Elections Study Cites Concerns With Extending Early Voting to Sunday

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In the budget analysis for the State Board of Elections, the Department of Legislative Services (DLS) provided an overview of recent studies to improve access to voting.  One option to improve access is to extend early voting to the Sunday before election day.  However, local election officials expressed concerns with this approach, which has county cost implications and many logistical issues.

MACo recently opposed legislation to extend early voting to the Sunday before election day citing concerns expressed by the local election directors. From MACo’s testimony:

Under current law, early voting ends the Thursday prior to Election Day, which gives the local boards of election and the State Board of Elections (SBE) ample time to update epollbooks and deliver them to Election Day polling locations. HB 263 would end the early voting period on Sunday, two days prior to election day, making it extremely difficult for small jurisdictions to update epollbooks, and making it practically impossible in larger jurisdictions.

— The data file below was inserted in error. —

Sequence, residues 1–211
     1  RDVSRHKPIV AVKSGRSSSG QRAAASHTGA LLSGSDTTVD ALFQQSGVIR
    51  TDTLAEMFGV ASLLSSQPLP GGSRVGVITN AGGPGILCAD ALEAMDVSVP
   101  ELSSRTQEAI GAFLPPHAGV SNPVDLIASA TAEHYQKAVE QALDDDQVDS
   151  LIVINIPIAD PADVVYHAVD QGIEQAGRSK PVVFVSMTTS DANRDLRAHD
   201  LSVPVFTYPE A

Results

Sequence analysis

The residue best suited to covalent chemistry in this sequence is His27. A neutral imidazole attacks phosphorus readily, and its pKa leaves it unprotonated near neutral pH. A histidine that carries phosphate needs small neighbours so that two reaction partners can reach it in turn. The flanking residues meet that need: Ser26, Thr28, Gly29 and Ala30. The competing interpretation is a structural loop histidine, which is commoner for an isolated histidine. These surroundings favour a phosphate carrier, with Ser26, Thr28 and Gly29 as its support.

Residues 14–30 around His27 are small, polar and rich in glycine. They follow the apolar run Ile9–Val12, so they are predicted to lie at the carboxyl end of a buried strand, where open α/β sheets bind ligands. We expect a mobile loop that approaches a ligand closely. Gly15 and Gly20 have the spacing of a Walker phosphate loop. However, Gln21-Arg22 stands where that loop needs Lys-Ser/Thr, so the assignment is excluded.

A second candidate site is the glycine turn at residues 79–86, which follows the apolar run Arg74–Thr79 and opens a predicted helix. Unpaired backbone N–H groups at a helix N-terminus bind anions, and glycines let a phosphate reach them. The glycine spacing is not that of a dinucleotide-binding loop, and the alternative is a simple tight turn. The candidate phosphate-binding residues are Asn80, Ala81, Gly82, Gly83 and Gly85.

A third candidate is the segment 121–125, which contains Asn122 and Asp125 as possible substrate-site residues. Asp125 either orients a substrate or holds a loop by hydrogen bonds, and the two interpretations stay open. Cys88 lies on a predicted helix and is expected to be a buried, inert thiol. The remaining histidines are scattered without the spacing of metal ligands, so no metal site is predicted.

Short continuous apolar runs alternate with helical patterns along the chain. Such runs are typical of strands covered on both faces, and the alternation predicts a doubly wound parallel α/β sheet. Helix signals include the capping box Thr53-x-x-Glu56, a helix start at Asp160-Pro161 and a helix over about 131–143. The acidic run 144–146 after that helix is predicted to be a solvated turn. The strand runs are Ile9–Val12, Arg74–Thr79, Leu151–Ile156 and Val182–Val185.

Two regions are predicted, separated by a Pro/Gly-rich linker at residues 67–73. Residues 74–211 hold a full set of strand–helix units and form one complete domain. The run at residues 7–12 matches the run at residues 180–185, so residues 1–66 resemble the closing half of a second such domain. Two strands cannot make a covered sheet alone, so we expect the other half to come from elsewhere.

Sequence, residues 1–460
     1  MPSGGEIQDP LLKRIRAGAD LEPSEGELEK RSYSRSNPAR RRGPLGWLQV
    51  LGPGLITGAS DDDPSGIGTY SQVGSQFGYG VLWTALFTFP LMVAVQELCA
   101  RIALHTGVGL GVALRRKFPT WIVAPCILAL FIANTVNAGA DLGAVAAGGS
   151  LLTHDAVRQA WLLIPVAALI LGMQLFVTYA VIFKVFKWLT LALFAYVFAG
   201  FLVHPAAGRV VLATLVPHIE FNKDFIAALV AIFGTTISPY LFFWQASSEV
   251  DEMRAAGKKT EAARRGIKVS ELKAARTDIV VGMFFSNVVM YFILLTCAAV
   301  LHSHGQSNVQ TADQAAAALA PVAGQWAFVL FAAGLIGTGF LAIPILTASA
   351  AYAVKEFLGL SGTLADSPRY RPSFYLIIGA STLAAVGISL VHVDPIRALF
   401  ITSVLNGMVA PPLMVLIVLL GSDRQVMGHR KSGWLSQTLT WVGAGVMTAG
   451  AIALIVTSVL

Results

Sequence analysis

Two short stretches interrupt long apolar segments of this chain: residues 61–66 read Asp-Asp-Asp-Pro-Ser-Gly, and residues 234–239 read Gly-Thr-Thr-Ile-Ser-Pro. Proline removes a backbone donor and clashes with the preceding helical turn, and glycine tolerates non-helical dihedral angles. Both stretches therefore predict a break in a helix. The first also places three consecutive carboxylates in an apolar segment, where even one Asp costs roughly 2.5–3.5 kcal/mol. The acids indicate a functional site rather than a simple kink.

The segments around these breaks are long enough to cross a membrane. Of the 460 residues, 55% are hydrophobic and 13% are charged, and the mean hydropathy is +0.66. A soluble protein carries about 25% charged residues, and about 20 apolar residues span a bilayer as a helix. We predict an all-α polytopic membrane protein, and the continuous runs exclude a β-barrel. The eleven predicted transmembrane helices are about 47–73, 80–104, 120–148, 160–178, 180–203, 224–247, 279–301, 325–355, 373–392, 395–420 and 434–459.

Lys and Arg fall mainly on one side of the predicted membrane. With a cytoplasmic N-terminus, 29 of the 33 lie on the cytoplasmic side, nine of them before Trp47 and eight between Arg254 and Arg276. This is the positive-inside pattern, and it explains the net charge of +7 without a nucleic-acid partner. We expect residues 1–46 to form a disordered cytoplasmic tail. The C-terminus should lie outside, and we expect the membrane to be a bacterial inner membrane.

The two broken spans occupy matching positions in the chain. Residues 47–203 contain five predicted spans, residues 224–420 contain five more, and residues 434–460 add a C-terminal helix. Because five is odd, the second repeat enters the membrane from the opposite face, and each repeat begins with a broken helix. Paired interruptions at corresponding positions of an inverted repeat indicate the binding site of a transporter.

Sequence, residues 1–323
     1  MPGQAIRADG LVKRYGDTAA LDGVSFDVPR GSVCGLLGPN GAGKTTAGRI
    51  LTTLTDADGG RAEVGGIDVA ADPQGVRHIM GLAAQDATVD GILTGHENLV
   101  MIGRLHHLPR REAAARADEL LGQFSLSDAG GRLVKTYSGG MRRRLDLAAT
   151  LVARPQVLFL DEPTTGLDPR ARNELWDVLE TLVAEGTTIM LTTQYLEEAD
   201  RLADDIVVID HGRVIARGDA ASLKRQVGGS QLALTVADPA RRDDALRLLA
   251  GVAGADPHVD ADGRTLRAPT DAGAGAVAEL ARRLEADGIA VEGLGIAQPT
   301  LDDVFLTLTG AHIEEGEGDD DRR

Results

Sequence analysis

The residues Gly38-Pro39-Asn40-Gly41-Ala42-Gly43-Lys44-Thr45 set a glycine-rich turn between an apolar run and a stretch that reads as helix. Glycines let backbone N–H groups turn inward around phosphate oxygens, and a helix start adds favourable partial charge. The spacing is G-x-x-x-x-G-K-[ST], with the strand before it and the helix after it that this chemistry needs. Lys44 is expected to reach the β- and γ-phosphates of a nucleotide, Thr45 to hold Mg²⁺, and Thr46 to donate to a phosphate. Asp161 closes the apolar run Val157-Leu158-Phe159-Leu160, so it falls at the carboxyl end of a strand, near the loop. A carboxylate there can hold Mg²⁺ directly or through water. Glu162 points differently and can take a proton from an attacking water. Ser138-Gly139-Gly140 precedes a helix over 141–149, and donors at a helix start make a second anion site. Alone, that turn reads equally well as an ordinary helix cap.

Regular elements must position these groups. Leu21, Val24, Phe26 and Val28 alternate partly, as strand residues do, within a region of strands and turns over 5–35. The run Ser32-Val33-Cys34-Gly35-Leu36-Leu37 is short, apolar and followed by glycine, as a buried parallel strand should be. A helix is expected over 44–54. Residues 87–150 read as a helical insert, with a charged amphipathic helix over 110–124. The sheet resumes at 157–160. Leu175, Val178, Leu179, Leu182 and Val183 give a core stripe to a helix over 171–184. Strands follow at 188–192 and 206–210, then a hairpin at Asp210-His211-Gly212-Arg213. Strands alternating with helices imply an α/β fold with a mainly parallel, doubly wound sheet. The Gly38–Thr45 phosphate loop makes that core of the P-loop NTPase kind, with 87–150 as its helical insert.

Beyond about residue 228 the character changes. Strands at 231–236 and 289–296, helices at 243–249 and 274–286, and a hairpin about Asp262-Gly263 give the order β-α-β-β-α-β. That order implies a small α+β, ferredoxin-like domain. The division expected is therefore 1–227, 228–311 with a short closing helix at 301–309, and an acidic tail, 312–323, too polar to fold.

MACo believes more time is needed to examine the cost implications and logistical issues before further expanding early voting.

The sponsor of the Senate Bill (SB 200), Senator Bill Ferguson, offered amendments during the bill hearing on February 6 to extend the bill’s effective date to address these concerns.

The studies highlighted in the analysis were required by HB 224/SB 279 Election Law – Improving Access to Voting (Ch. 157 and 158, Acts of 2013) which passed last session and examined the following:  (1) an analysis of extending early voting to the Sunday before the election; (2) an analysis of voting wait times; (3) an accessibility and usability evaluation of the online ballot marking tool; and (4) the security of online voter services.

Below are the summarized findings from the analysis.

The option to extend early voting to the Sunday before the election was reportedly not viewed favorably by local election directors. The study found that in Maryland, as is true nationally, voting wait times are longer for early voters and voters in larger jurisdictions and are impacted by ballot length. SBE has made adjustments to its online absentee ballot marking tool as a result of the accessibility and usability evaluation; however, some additional work is required. No security issues were found with the online voter services.